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In 2017, DITEK saw how power surges from the many natural disasters that took place damaged many businesses. In a natural disaster, or even everyday business operations, a facility’s entire investment in security, life safety and surveillance systems technology can be disabled or rendered useless in a few seconds. Surge protection solutions can mitigate those risks and protect security investments. Proactive Approach To Risk Mitigation Throughout 2017, we also witnessed a change in how enterprises view surge protection, which included how investments are being made in surge protection to protect valuable security, life safety and surveillance systems, while also reducing downtime, manpower costs, liability vulnerabilities, and possibly compliance issues that can force businesses to actually cease operations. Effective security management is about mitigating risks. But risks cannot be mitigated without a proactive approach. Enterprises and integrators, who take the time to assess risk and to develop a strategy to incorporate effective detection, deter and response criteria to protect physical assets will be successful in 2018. 2018 And Beyond That strategy includes designing surge protection into new security systems, while also adding surge protection to existing systems. Enterprises and security integrators who implement a surge protection strategy during security planning processes – or after – will be exercising prevention and mitigation, and they will be successful in 2018 and beyond. Surge protection devices have an untapped potential for enterprise surveillance and security systems In 2017, Ditek continued to offer security end users a solid surge protection solution. We also successfully educated system integrators, who are seeking value-added products or services to incorporate into their portfolios, on the importance of surge protection devices. Educating Security Integrators We believe that surge protection devices have an untapped potential for enterprise video surveillance and security systems, because they can and do meet safety and security challenges that have been rarely identified in the past. We are looking forward to 2018, when we will continue to develop new surge protection products – including a new product engineered to protect up to twelve individual fuel dispensers, which is critical to the financial operation of convenience stores. We will also continue to educate security integrators about the importance of including surge protection in the design/build RFP, to not only secure an enterprise’s valuable security equipment, but also to help integrators to differentiate their capabilities and knowledge from the competition.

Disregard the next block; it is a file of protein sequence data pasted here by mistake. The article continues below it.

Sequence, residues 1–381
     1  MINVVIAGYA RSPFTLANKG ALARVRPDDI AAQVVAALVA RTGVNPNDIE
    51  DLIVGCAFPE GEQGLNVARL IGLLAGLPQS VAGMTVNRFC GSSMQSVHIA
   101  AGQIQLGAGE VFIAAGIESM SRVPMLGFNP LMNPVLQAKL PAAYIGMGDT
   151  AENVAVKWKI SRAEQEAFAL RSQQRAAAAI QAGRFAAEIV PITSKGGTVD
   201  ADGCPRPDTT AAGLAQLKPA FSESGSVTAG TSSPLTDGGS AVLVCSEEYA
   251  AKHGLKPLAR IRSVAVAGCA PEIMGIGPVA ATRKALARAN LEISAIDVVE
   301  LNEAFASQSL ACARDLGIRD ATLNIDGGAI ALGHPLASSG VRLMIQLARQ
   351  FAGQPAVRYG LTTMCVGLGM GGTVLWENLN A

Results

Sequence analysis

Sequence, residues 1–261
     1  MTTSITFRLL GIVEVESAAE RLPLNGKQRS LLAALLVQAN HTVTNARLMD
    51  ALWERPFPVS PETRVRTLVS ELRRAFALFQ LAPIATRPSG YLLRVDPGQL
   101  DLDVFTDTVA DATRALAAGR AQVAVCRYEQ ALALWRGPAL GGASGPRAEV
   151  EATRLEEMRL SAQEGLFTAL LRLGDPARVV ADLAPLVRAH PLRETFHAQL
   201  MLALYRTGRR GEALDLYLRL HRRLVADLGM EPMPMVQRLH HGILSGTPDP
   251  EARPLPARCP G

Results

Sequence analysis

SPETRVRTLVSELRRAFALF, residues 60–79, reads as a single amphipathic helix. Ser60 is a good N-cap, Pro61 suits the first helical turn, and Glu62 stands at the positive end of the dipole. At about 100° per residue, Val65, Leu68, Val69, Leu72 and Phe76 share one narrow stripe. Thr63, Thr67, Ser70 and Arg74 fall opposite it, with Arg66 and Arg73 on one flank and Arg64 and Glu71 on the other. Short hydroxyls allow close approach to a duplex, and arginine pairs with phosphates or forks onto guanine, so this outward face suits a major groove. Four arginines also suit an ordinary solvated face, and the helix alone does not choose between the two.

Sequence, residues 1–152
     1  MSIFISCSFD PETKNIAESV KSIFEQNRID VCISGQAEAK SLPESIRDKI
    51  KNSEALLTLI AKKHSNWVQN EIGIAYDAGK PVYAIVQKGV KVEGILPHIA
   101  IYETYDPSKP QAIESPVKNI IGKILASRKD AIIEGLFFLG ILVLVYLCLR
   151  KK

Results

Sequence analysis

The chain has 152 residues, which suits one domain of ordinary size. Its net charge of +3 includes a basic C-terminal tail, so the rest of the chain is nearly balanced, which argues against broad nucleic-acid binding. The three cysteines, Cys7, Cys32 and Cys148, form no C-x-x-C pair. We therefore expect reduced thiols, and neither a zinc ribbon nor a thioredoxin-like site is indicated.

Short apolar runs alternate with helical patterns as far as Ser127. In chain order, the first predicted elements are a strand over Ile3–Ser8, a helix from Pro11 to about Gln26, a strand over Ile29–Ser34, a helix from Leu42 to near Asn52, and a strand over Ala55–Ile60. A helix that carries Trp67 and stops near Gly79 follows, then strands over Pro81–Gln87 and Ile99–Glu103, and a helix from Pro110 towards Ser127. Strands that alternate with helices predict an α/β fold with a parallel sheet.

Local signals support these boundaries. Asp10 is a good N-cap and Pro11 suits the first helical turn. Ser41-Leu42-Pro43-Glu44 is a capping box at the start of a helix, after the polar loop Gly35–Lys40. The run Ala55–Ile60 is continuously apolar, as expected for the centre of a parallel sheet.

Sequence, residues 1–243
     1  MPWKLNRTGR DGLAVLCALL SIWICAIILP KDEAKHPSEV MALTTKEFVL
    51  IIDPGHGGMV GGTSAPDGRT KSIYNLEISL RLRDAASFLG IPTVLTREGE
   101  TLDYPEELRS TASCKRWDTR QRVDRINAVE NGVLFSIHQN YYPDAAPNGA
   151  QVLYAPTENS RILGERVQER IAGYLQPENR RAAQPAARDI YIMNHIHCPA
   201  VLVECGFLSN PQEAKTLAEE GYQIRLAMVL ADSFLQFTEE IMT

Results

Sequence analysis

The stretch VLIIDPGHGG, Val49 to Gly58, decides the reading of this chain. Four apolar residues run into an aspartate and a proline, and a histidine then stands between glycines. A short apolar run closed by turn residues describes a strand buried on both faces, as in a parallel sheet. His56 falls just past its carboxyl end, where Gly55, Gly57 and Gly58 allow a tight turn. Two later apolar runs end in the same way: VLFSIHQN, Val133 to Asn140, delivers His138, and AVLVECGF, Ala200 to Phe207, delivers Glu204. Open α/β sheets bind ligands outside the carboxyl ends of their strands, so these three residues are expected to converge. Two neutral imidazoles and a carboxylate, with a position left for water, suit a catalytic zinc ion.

Technology is changing the look and function of today’s security control rooms. Old-school CRT (cathode-ray tube) monitors are giving way to the thinner, flat screen monitors in the control room environment, but the transition is gradual. Randy Smith of Winsted still sees many control rooms that need to make the conversion, which is a boon to his company’s business. Furniture today is designed differently to accommodate the thinner monitors, often with larger screens. Need For Integrated Rack Systems With the increase of IP-based systems comes the need for integrated rack systems that include advanced functionality such as cable management, adds Jim Coleman, National Sales Manager, AFC Industries. Server rooms are environmentally controlled by cooling systems and power systems monitored on the IP network. Low-profile flat screens allow centers to utilize space vertically, thus creating a smaller footprint for the consoles. Additionally, with IP-based systems, workstations will have a smaller footprint because there is less cumbersome equipment. In most cases the servers are stored in a secured, climate controlled environment to eliminate overheating of the servers and maintain their security, says Coleman. This environment also helps with cable and power management. AFC builds technical furniture racks that adhere to the precise needs of computer network server room operators. The company designs and fabricates LAN workbenches with versatile functionalities, and server room workstation racks that are scalable. There is a complete line of IT workbenches, IT computer racks and computer server rack mounts with flexible mounting options. In most cases the servers are stored in a secured, climate controlled environment to eliminate overheating of the servers and maintain their security Flexible Control Room Designs Matko Papic, Chief Technology Officer of Evans Consoles, says the transition from bulky CRT equipment to flat-screen (lower profile) monitors was a major disruption in control room design; it changed the whole dynamic. Another evolution is the use of IP video streaming, which allows more flexibility in manipulation of audio-video content, and requires more flexible control room designs. Another shift, driven by larger, higher-definition monitors, is a shift to fewer monitors that display more information. Instead of a smaller monitor for each information stream, larger monitors now consolidate that information into “dashboard” displays. Looking ahead, control rooms will need to be more flexible, both in the initial design and the ability to adapt to changing technology, says Papic. Legacy customers who are currently using PCs may be moving to more remote applications. Sit-stand equipment will continue to be increasingly prevalent. “There will be more emphasis on flexibility, technology integration, and the ability to change over the life of the system,” says Papic. Consolidation Of Multiple Operations Into A Single System A trend in security is consolidation of multiple physical operations into a single system, says Papic. As a result, more customers are taking more interest in alarm management and situational awareness. How is the technology being used in terms of alarm triggers? How can the systems react rapidly and provide information to a larger audience in the control room? These questions impact how control rooms are designed, and Evans Consoles can adapt lessons learned from other markets to these trends in the security arena. Greater use of technology is inevitable, says Coleman of AFC Industries. “It is virtually impossible for humans to monitor all security data at the street level in our cities,” he says. “As computers become more powerful and their programs more all-encompassing, we will see a greater shift to robotic and technology uses that will provide enhanced monitoring capabilities and safety reactions.” Read our Control Rooms series here